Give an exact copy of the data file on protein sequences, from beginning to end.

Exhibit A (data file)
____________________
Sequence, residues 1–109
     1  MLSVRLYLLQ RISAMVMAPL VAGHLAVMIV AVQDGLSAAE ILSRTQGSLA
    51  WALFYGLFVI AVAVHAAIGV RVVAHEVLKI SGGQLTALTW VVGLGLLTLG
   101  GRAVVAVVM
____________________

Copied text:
Sequence, residues 1–109
     1  MLSVRLYLLQ RISAMVMAPL VAGHLAVMIV AVQDGLSAAE ILSRTQGSLA
    51  WALFYGLFVI AVAVHAAIGV RVVAHEVLKI SGGQLTALTW VVGLGLLTLG
   101  GRAVVAVVM